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Monday, October 24, 2011

Varun Aaron - an encouraging debut

Varun Aaron had a superb debut.
Varun Aaron has long generated buzz because he's been touted as amongst the quickest bowlers in India. There were many people eagerly anticipating a debut for the young pacer as early as the Indian team's tour of England, but Aaron remained a passenger there. With Umesh Yadav injured and the return series sealed, Aaron finally got his chance. And it was quite a collective meeting-of-expectations that Aaron pulled off in his international debut. 

Before singing the hosannas though, let's backtrack a little and take a reality check. 

Aaron was up against the English ODI side in India - and England in India in ODIs have not been a force for a long time. He was carefully shielded by Dhoni from bowling in the power-plays, and only bowled when there was full freedom to set the field. The batsmen he dismissed were Numbers 8,9 and 10. Even Tim Bresnan (one of Aaron's wickets) - the highest scorer in the England innings - has never in his life batted at Number 6 or higher in either his ODI or Test batting career. And most important of all, India - or the Indian cricket fan to be more accurate - has gone through several heart-breaking false dawns of the 'next great pace hope' kinds. Apart from Zaheer Khan, none of those who promised much have delivered anywhere close to it so far. 

And yet, in spite of these factors, it may - just may - be time for some optimism. For the more adventurous fan, it may be time for a quiet little jig too. Here's why. 

Consider the situation Aaron was facing before the match. There had been virtually ceaseless build-up about him, about how he was going to be almost a saviour of sorts to a pace-starved nation. Never mind that he hadn't played more than 12 matches in either First Class cricket or List A limited-overs matches so far. Never mind that at 140 clicks he might have been among the faster Indians around, but he was far from being amongst the quickest in the world. Never mind that he was born barely two weeks before Sachin Tendulkar made his international debut, and was still a very young man. That kind of pressure of expectation alone is enough to stifle anyone, and yet Aaron didn't let it stifle him. It may have seemed as if Dhoni was wrapping him in cotton-wool and not trusting him enough when he wasn't given the ball in the power-play overs, but Dhoni might just have been giving Aaron the biggest vote of confidence of all. The expectations would have created sufficient internal pressure for Aaron, and it is unreasonable to expect someone as young and raw to handle it coolly straight away. By minimizing at least whatever external pressures he could, Dhoni recognized that maybe Aaron was a player worth investing in for the future and that his present therefore had to be handled carefully lest he implode. Dhoni thus gave Aaron as much of a controlled setting as was possible. He (and the rest of the team and nation) could only hope that Aaron grabbed his chance.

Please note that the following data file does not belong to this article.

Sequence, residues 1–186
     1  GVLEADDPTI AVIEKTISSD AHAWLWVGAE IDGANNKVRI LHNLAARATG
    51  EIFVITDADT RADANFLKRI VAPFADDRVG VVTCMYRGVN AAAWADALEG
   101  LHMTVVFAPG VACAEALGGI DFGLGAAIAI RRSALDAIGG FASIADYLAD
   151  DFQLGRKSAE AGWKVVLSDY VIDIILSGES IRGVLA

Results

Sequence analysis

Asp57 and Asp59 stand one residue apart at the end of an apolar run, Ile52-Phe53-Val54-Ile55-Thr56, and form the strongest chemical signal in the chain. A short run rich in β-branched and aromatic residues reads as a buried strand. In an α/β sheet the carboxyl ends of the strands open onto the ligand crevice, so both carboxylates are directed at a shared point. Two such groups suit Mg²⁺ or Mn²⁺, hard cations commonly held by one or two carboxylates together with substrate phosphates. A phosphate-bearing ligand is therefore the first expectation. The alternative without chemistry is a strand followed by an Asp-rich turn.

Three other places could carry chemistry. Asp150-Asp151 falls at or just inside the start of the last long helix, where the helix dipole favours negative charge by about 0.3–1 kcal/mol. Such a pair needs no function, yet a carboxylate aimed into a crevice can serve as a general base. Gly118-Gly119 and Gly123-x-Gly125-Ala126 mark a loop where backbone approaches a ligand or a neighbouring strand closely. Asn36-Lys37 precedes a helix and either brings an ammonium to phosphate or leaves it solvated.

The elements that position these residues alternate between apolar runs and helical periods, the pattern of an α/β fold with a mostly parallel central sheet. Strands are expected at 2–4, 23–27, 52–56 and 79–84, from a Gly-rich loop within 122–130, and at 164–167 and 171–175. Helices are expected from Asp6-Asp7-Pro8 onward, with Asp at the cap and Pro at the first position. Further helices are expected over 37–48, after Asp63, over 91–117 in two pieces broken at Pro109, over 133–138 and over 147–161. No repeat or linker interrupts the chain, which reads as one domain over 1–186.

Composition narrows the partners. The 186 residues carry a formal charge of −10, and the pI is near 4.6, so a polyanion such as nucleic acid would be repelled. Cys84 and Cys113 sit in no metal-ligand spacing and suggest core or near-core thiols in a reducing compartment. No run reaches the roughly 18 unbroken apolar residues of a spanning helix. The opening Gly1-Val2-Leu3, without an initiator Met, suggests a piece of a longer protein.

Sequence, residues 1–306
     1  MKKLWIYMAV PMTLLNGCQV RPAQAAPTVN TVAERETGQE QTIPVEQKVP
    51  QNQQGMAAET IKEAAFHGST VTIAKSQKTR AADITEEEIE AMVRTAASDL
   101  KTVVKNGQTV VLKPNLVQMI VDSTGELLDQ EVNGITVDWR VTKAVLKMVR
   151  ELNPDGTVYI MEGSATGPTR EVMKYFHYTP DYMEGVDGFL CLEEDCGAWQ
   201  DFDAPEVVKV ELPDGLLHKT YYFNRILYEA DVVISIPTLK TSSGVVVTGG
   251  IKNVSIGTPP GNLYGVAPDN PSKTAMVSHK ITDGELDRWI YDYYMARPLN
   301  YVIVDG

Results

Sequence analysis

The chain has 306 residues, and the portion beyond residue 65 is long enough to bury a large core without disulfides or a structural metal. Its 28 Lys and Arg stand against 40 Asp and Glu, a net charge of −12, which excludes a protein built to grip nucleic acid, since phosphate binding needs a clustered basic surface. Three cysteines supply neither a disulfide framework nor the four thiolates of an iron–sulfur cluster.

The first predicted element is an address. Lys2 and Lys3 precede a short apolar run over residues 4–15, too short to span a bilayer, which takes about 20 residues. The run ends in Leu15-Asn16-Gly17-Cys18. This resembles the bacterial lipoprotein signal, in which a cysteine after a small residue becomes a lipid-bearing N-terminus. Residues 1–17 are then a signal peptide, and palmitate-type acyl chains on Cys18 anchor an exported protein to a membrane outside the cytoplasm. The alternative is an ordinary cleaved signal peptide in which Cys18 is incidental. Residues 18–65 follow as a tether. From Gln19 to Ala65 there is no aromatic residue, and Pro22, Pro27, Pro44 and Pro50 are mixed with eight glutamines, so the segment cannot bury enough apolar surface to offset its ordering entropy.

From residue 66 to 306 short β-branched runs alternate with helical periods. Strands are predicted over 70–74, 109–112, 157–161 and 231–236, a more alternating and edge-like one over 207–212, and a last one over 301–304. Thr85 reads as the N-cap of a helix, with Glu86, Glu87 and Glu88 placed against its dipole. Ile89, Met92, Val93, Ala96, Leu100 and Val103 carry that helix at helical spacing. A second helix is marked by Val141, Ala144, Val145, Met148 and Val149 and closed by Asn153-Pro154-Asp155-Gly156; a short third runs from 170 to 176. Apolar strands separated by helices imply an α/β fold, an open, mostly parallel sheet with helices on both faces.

Now consider the match situations in which Aaron bowled. When he was introduced into the attack, England were cruising at 61/2 in 10 overs, with Trott and Pietersen having both spent some time in the middle and both batting at good strike-rates. Aaron proceeded to give just 3 runs in his first over and 3 in his second. An attempted yorker in his third over went wrong and Pietersen deposited it to the boundary which made his third over a tad expensive at 8 runs, but aside from that one bad ball, Aaron had a pretty good first international spell. In summary, he came on to bowl at a fairly challenging situation in the match and held his own. 

His second spell came when India were much better placed. England had slipped to 192/7 in 40 overs when Aaron returned with Bresnan and Borthwick at the crease. It was the sort of score from which teams had routinely added 40-50 frustrating lower-order runs against India with the tail never being knocked off as quickly as it should have been. Aaron's first over did nothing to indicate matters were going to be otherwise, with Bresnan even creaming him through the covers for a boundary off the second ball of the over. That however, would be the last boundary Aaron would concede on his debut. In his next over, he cleaned up Borthwick and didn't give a run away. In the next one, it was Stuart Meaker that lost his stumps. And off the first ball of his next over, Aaron bowled a superb delivery that appeared to have just beaten Bresnan, but actually ended up clipping the stumps. The tail had been effectively cleaned up and in what was probably the most pleasing thing to Aaron about his wickets, each one was 'bowled' - the classic fast bowler's dismissal. 

The last time a young Indian bowler came on the scene who was capable of cleaning out batsmen like that - who actually did it on his debut and caused great excitement among Indian fans - was Zaheer Khan in 2000. Zaheer's debut was against Kenya in which he took 3/48 (a figure bettered by Aaron), but it was his next match that fully showcased his exciting potential. That was against Australia 4 days later and Zaheer dismissed Gilchrist and Steve Waugh - the latter memorably yorked. 

Aaron, of course, has a long, long way to go before he can even think of filling in Zaheer's boots. But the fact that he has begun as encouragingly as he has, is very good for a start. Now, all it needs is for the BCCI to find a way to not let his development go the way the vast majority of other fast-bowling hopes development has.

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